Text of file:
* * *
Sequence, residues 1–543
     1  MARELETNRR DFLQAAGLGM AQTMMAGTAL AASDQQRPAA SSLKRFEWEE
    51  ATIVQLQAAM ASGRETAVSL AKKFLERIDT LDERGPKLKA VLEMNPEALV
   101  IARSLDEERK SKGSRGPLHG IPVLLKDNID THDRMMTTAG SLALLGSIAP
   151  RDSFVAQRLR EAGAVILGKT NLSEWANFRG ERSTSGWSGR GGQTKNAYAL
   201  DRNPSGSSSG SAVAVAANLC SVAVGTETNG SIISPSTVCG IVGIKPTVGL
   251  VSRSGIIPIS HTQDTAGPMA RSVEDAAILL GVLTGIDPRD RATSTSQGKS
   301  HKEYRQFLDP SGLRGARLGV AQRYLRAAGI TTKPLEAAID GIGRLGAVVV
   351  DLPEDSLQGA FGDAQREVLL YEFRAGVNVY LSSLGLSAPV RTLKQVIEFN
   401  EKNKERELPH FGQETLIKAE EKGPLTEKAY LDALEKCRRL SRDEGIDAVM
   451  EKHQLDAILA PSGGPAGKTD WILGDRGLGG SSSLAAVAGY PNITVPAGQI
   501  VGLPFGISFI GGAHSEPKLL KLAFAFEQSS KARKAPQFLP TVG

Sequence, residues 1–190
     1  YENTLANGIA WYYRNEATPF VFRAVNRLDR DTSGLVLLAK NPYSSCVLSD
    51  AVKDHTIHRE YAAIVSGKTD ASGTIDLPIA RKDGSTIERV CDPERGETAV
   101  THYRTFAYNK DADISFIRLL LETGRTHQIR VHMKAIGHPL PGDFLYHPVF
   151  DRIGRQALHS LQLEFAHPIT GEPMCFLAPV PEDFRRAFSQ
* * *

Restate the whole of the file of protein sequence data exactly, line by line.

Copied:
Sequence, residues 1–543
     1  MARELETNRR DFLQAAGLGM AQTMMAGTAL AASDQQRPAA SSLKRFEWEE
    51  ATIVQLQAAM ASGRETAVSL AKKFLERIDT LDERGPKLKA VLEMNPEALV
   101  IARSLDEERK SKGSRGPLHG IPVLLKDNID THDRMMTTAG SLALLGSIAP
   151  RDSFVAQRLR EAGAVILGKT NLSEWANFRG ERSTSGWSGR GGQTKNAYAL
   201  DRNPSGSSSG SAVAVAANLC SVAVGTETNG SIISPSTVCG IVGIKPTVGL
   251  VSRSGIIPIS HTQDTAGPMA RSVEDAAILL GVLTGIDPRD RATSTSQGKS
   301  HKEYRQFLDP SGLRGARLGV AQRYLRAAGI TTKPLEAAID GIGRLGAVVV
   351  DLPEDSLQGA FGDAQREVLL YEFRAGVNVY LSSLGLSAPV RTLKQVIEFN
   401  EKNKERELPH FGQETLIKAE EKGPLTEKAY LDALEKCRRL SRDEGIDAVM
   451  EKHQLDAILA PSGGPAGKTD WILGDRGLGG SSSLAAVAGY PNITVPAGQI
   501  VGLPFGISFI GGAHSEPKLL KLAFAFEQSS KARKAPQFLP TVG

Sequence, residues 1–190
     1  YENTLANGIA WYYRNEATPF VFRAVNRLDR DTSGLVLLAK NPYSSCVLSD
    51  AVKDHTIHRE YAAIVSGKTD ASGTIDLPIA RKDGSTIERV CDPERGETAV
   101  THYRTFAYNK DADISFIRLL LETGRTHQIR VHMKAIGHPL PGDFLYHPVF
   151  DRIGRQALHS LQLEFAHPIT GEPMCFLAPV PEDFRRAFSQ